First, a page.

Completely disoriented by the blinding sun and blistering heat, I decided to fold away my own map and follow them. But they – a group of three women and I should’ve known – led me to a souvenir stall first, then to an ice cream shop and finally to a jewellery store where I abandoned them and decided to take matters into my own two hopelessly clammy hands.

For a person who doesn’t sweat easily, I was melting like a candle and it wasn’t a pretty sight.

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Sketching with the help of water, a hand fan and a toothless grandma by my side

Bless the kind staff of Emart, where I went in purely for the air-conditioning but pretended to closely inspect melons, for giving me directions to Bukchon. “..keep going straight and turn left. Just 5 mins.”, they said. I bought bottles of mineral water to show my appreciation. Melons were expensive.

So once again, I was on the road, in the furnace, but this time with dry armpits. And while that lasted, I managed to find myself a spot in the shade on this quiet alley called Bukchon-ro 11da-gil.

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Bukchon-ro 11da-gil

Travelers who haven’t visited Seoul yet may already have seen pictures of Bukchon Hanok Village on every guidebook, magazine and internet article describing Seoul. This area has a large cluster of hanok or traditional Korean wooden houses dating from the Joseon dynasty. These houses are not only picturesque but have been so beautifully preserved that a stroll down the narrow winding alleys they are lined with may well feel like time travel, especially if you arrive at an ungodly hour like I did and get the place entirely to yourself sans selfie sticks. Wouldn’t that be something?

It was. I hardly saw anything or anyone for the entire hour I sat on this street corner sketching except two stray cats, an SUV and the distant figure of a person hobbling in my direction. It was easy to imagine what a 600 years old office rush hour would look like –  noblemen and high ranking government officials emerging out of these houses while adjusting their elegant silk court uniforms and hurrying towards the royal palace – but my brain cells were too dehydrated to carry on with the mental imagery.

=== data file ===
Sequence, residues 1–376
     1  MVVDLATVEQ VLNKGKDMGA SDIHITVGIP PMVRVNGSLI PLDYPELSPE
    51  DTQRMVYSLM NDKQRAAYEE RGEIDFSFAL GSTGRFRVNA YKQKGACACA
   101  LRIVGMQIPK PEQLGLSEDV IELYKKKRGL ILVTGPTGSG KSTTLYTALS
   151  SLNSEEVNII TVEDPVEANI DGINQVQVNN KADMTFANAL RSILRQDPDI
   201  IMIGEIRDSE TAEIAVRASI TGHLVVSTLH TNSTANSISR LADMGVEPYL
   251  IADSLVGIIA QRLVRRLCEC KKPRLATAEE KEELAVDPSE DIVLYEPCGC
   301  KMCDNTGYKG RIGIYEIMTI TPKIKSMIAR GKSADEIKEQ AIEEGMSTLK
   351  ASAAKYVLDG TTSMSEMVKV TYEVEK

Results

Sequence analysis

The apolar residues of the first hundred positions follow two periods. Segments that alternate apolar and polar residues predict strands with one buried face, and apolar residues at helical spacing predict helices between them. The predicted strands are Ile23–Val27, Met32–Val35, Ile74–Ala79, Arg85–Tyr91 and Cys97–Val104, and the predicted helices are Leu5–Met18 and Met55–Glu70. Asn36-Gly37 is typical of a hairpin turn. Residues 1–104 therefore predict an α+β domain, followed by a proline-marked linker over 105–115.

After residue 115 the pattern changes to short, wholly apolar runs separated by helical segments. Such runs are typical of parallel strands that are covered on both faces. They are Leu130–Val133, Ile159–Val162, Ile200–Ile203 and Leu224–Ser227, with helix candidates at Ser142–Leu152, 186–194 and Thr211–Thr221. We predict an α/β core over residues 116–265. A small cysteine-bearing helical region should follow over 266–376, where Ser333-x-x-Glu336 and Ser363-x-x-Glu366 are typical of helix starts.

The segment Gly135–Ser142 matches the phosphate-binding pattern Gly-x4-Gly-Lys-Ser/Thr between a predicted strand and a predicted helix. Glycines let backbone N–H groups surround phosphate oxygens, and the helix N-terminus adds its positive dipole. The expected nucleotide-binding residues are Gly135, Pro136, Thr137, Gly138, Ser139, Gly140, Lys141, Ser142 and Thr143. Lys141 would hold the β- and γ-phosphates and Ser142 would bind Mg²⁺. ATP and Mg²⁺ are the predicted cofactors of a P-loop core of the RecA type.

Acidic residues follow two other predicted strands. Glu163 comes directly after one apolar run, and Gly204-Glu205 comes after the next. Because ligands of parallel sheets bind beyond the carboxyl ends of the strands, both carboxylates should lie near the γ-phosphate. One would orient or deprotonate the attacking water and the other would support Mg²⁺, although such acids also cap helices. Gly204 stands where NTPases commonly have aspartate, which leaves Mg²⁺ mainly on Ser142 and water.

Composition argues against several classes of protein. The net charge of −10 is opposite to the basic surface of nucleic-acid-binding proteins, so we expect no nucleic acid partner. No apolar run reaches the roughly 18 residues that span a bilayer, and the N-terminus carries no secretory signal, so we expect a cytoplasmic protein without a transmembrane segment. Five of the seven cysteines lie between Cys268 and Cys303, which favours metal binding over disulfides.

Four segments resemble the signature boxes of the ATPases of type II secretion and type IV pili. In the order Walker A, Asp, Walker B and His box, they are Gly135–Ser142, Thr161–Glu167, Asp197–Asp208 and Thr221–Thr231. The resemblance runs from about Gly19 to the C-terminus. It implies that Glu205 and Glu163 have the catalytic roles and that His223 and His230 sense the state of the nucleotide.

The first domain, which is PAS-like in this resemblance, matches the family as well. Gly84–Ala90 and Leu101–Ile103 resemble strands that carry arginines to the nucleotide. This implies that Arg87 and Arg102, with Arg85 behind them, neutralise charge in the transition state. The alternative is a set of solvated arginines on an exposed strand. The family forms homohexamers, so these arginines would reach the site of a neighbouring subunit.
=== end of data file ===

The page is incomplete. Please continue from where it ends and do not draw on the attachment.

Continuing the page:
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A quiet alley in Bukchon Hanok Village

The air was still. And clingy. There was no respite even in the shade. The thought of quitting clouded my vision such that I lost sight of the lone approaching figure that was now standing behind me. Dressed in a lemon yellow floral patterned dress was this slightly bent, excessively wrinkled toothless grandma looking intently at the sketchbook on my lap and then matching my drawing with the scene in front. With a nod of her head she asks me to go on.

Umm..no, see it’s too hot. I was leaving..“, I say to her pretending to pack up but she keeps nodding and pointing to my dip pen. She doesn’t understand a word I’m saying. Sigh! I feel like the performer who’s obligated to perform because one person showed up.

But sometimes that one person is plenty, if they care. So I start again. Grandma leans over with interest or to compensate for her failing eyesight. More nodding. And smiling. She looks pleased. So I keep going like a 5 year old being watched while she finishes her school homework. Grandma sticks by me, sometimes pointing out features I missed drawing or decided to overlook. A stickler for details, this one.

When I finish the drawing I was giving up on a while back, she was still there grinning ear to ear. I could see her gums.